I tie flies on jigs a lot, so much so that it’s become almost automatic when reaching for a hook. They are great for nymphing, will sink deep with a tungsten bead and extra weight under the body and ride with the hook point up on a tight line; meaning less hangups as you are high sticking through the riffles.
Not to say that I dont still use standard nymph hooks with brass beads when I am going to be fishing skinnier water, and need to opt for something lighter that wont barrel straight down through the water column; It’s just that I cant seem to keep myself away from them.
While I may never really know what it is that makes them so attractive to look at, what I do know, is that one question I am asked the most when demonstrating or tying At a show, is:
“How do I get those slotted beads to sit right?!? It doesn’t work. What am I doing wrong?”
Last week we discussed two ways you can utilize an oversized feather when it comes to tying with soft hackles, and today we are going to look at two more. These two methods listed below are my favorites and while one is rather quick, the other allows you to mix it up a bit. Lets take a look!
“The Flying V”
While I have no idea what this technique is normally called, or where it came from originally; what I do know, is that I have seen it used many times by many different people, and I am always amazed at how quick and effective it is. I have also added a YouTube link at the end to a video by Craig Matthews on this technique, in case you need a moving visual.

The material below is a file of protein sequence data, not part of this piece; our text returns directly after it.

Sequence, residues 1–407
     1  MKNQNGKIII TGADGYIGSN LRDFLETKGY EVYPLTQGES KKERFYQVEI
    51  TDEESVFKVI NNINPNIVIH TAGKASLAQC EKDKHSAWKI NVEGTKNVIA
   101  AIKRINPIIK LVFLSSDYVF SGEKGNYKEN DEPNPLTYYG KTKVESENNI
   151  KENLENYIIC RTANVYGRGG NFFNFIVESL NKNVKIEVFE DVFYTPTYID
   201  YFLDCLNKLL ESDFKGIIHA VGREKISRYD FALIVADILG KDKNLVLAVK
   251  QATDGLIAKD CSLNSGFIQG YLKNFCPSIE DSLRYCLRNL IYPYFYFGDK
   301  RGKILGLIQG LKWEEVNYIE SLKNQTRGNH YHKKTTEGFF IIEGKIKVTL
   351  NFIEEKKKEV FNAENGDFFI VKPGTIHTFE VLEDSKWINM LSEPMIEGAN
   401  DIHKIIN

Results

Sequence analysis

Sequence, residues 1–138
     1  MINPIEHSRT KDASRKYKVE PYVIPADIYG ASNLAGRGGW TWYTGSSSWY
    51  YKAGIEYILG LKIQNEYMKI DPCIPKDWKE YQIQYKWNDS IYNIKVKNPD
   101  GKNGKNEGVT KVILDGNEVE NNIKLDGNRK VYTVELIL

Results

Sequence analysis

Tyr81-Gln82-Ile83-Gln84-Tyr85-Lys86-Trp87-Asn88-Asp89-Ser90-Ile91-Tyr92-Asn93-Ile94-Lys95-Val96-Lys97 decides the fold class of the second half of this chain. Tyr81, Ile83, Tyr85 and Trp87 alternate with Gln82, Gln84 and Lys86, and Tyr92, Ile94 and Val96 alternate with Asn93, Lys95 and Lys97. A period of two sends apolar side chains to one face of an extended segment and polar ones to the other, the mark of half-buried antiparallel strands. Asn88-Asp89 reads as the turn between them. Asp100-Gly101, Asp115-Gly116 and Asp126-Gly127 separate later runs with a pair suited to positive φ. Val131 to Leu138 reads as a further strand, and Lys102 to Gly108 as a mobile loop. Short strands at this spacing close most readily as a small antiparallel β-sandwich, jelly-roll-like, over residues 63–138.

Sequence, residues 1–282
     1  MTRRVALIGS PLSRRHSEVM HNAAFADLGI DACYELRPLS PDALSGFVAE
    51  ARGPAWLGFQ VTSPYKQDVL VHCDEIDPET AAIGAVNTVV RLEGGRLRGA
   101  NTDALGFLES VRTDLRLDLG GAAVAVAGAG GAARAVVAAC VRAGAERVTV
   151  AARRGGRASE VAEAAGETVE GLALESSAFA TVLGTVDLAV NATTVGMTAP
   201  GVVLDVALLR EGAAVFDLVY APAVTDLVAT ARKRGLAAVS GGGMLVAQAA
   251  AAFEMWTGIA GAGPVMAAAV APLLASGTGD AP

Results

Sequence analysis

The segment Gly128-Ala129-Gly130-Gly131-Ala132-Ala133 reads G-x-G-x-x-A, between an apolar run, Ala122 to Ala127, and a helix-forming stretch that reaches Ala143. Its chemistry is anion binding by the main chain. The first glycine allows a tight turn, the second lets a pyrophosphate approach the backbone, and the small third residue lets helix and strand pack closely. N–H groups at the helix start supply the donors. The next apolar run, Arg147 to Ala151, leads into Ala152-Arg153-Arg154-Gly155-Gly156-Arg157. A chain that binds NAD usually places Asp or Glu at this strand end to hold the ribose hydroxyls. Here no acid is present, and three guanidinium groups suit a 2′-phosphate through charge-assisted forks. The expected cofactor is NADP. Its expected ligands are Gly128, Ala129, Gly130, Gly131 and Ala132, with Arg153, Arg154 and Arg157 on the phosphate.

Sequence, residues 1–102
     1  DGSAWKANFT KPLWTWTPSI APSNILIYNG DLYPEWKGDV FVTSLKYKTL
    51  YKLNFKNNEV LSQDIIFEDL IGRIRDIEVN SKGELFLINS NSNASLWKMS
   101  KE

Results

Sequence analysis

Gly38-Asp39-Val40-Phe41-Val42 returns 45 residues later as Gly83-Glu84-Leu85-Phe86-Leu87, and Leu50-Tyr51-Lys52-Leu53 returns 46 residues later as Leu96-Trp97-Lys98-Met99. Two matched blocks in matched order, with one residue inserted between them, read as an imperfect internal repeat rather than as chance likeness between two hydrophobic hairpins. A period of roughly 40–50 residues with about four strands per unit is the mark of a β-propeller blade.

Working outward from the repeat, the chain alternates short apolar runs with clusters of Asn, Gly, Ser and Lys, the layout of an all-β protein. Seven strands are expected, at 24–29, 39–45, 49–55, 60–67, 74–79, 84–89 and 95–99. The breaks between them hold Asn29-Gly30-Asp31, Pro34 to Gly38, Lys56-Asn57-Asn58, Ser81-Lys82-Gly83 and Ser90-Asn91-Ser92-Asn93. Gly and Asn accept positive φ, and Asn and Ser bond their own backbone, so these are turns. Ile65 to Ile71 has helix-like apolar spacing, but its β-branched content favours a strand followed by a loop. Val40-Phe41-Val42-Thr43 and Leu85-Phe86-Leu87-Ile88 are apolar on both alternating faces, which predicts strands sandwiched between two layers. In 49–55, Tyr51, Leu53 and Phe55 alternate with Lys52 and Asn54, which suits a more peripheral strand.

The Split thread dubbing technique is mainly used when you don’t want to add extra bulk to your fly. It works well when you are applying material to the head of a fly such as a hackle collar. Keep in mind that all threads are not good for splitting. Here I am using Danville thread which works just fine. This technique can be used for many different patterns, large or small, and the way you put the dubbing on will also have a different effect.
Our January 11th meeting was a pretty busy one! Some of you who have been in our program over the last few years, might remember that this is the time of year where we split the class in two for a few sessions. Some of you will build fly rods with Harry and the rest of you will be tying with me. The fly tying will also be split up in two groups as well for anyone who is new. New participants will begin with me for your 101 sessions and the other half of the class will continue with me on our 201.